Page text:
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She studied singing at Sofia Conservatory with professor Georgi Zlatev-Cherkin. After specializing in Vienna, she first appeared in Sofia in 1936. Engagements followed in Graz, Hamburg, Munich and finally at the Vienna State Opera.
Known for her red hair and exuberant vivacity, her most famous role was that of Salome, which she performed under the composer, Richard Strauss, himself in 1944 on his 80th birthday. She sang the same role for her London debut in 1947 and her first performance at the Metropolitan Opera, New York on 4 February 1949. She also sang the title roles of Tosca and Aida, Donna Anna in Don Giovanni, Minnie in La fanciulla del West and Musetta in La bohème.
Her voice was neither creamy nor shrill, possessing a small beat, to which the microphone is kind. This voice was very capable of riding the Straussian orchestra. Welitsch was a unique singer and her uniqueness was quickly established. Where others linger and milk the moment, she presses ahead, testing the ability of conductors to follow her. It is usually at the moment a doubt has formed that Welitsch confounds the listener by some sudden conversational intimacy that breaks through convention utterly. Even more astonishing is the way she achieves these moments without breaking the line for dramatic effect.*
A great artist, she was also capable of extraordinary over-the-top exhibitions and her exploits at the Metropolitan in New York were legendary, including a raunchy Musetta that struck fear into her colleagues, and a Tosca performance when she repeatedly kicked the supposedly dead body of the Scarpia, Lawrence Tibbett, to whom she had taken a personal dislike.
Her international career, already interrupted by the war, did not last long, although she actually continued singing until 1981. Appearances included those at the Royal Opera House, Covent Garden in the 1950s in a highly controversial production of Salome by Peter Brook with sets by Salvador Dalí. However when her voice deteriorated she started a second career in films (in America and Austria) and on Austrian television. In 1982 she was among a number of artists on stage at Covent Garden who congratulated Dame Eva Turner at a gala for Turner's 90th birthday.
She was married twice and divorced twice, with no children. She is buried in Vienna's Zentralfriedhof.
She did not make many recordings but her account of the final scene of Salome sets a standard by which every aspiring performer in the role is still judged. The Metropolitan performance of Salome from 1949 is available on CD (Gebhardt Records JGCD 0013).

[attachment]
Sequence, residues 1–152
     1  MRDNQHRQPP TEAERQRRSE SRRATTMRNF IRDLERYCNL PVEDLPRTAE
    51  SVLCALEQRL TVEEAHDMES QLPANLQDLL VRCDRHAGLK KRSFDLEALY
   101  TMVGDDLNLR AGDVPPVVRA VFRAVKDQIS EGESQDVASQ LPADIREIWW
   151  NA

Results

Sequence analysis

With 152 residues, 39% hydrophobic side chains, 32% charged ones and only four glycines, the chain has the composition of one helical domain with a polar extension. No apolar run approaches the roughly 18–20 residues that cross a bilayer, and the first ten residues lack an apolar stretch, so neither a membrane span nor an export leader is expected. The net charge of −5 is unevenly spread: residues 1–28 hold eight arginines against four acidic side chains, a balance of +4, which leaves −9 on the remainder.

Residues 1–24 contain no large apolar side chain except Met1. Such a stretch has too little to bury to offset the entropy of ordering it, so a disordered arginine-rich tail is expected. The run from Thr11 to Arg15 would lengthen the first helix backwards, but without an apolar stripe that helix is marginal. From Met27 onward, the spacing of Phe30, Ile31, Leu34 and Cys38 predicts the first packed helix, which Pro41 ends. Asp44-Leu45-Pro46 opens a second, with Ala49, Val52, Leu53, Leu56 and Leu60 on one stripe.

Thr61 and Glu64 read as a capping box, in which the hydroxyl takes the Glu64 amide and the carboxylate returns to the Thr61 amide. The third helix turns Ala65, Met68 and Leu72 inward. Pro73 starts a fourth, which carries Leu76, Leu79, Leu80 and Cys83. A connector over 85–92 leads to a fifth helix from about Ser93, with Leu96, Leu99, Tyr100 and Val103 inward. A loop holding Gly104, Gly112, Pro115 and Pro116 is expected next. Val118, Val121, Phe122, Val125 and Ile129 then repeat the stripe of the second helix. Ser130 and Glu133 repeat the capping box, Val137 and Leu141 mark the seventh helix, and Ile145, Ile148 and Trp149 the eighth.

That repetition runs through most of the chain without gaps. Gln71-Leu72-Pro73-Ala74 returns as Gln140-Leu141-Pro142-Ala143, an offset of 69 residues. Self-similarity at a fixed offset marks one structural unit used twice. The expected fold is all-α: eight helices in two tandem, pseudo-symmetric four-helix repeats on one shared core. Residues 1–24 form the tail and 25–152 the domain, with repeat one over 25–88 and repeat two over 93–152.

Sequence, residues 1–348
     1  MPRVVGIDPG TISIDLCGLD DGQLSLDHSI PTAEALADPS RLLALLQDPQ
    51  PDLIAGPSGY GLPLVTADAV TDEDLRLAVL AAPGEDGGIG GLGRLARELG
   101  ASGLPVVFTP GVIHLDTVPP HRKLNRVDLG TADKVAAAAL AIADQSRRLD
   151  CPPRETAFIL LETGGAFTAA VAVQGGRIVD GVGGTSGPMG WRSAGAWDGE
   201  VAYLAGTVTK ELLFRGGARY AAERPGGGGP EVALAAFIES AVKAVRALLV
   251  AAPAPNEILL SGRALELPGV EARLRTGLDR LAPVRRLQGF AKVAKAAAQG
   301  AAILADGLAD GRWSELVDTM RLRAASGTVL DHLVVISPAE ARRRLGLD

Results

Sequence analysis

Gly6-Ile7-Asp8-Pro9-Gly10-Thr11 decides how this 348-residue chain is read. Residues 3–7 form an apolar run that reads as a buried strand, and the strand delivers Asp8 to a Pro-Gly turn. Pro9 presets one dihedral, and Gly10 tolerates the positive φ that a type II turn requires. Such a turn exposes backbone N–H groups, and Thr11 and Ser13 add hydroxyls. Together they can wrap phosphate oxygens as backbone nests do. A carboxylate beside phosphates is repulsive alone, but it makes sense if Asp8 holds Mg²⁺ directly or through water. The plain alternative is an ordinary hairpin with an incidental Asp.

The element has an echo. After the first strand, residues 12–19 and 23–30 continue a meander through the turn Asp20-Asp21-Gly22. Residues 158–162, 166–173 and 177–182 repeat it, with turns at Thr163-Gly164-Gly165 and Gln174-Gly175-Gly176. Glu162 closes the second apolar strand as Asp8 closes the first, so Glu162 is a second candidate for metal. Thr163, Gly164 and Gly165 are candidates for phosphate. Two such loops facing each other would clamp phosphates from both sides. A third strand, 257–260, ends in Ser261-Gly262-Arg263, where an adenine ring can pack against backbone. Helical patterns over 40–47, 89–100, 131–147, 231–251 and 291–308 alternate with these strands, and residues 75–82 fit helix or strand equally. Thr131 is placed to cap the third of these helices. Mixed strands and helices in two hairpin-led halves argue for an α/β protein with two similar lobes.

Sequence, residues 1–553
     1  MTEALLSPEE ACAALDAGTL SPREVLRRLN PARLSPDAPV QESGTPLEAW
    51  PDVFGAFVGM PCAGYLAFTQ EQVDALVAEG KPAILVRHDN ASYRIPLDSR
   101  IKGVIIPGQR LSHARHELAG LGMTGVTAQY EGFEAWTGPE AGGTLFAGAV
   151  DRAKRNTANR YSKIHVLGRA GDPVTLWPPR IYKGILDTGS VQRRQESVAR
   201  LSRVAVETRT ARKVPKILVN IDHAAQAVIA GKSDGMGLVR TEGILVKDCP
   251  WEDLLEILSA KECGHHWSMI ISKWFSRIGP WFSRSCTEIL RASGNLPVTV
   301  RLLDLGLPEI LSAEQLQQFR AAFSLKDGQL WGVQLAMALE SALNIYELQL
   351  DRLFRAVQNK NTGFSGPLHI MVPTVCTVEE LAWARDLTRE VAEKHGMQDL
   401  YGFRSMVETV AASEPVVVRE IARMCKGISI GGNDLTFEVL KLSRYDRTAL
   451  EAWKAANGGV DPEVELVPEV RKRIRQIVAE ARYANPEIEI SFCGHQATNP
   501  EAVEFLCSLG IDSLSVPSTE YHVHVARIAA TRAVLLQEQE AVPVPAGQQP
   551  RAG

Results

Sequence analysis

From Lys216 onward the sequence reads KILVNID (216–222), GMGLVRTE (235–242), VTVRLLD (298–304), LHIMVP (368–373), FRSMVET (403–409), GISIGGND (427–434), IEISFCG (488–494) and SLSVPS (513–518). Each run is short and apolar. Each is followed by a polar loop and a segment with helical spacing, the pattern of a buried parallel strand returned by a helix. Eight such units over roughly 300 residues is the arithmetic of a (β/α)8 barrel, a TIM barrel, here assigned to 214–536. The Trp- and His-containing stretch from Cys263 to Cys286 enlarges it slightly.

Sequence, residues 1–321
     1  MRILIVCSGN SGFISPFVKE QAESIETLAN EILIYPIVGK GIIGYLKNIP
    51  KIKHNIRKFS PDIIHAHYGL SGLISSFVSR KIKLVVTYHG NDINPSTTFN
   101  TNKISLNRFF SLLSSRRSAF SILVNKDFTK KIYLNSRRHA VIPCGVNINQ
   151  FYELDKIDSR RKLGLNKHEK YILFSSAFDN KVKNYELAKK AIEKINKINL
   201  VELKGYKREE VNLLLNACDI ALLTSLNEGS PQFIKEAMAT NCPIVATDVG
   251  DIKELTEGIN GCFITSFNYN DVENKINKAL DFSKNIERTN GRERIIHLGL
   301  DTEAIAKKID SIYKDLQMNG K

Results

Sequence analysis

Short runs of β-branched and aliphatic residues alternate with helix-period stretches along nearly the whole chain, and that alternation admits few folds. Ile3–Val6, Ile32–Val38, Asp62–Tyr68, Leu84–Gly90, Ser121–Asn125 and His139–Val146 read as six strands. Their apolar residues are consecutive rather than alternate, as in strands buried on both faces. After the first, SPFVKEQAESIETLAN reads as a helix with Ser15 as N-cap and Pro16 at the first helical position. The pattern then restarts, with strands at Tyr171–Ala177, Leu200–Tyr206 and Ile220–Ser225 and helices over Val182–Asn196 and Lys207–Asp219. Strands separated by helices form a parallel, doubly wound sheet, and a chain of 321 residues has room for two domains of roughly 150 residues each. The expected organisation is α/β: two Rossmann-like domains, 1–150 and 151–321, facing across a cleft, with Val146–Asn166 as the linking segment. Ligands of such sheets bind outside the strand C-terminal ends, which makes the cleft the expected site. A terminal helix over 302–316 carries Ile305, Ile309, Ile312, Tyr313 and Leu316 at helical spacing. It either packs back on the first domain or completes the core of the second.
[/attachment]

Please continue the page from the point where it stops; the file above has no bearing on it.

Although Welitsch did not record for the studio often, her art can be appreciated in a collection entitled Ljuba Welitsch: The Radio Years RY102 in which she can be heard in arias by Weber, Verdi, Smetana, Dvořák, Puccini and Strauss and lieder by Schubert.
She can be seen and heard briefly in the movie "The Man Between", where the protagonists, James Mason and Claire Bloom attend a performance of "Salome". Welitsch is shown with the head of John the Baptist in the final moments of the opera. The scene is posted on YouTube.
A recording of Lieder by Richard Strauss, Josef Marx and Gustav Mahler was made in 1953 and released in 1974. Welitsch was accompanied by Paul Ulanowsky on piano; according to the anonymous liner notes it was thought that this might be a trial run for a later production which never occurred. The lieder recorded were: Side 1: Strauss' Vier Letzte Lieder. Side 2: Strauss-Cäcilie; Strauss-Die Nacht, Marx-Hat dich die Liebe Berűhrt, Marx-Valse de Chopin, Mahler-Ich atmet' einen Linden Duft, Mahler-Blicke mir nicht in die Lieder, Mahler-Ich bin der Welt Abhanden gekommen. The liner notes to the recording allege that the first four lieder of Side 2 were "briefly available" on a 10 inch LP in the early 1950s. Library of Congress Catalog Card #73-750781 applies to this recording.
|Wikimedia Commons has media related to Ljuba Welitsch.|
- Branscombe, Peter: Welitsch, Ljuba in 'The New Grove Dictionary of Opera', ed. Stanley Sadie (London, 1992) ISBN 0-333-73432-7
- James Beswick Whitehead, http://web.archive.org/web/20070621175054/http://www.btinternet.com/~j.b.w/welit.htm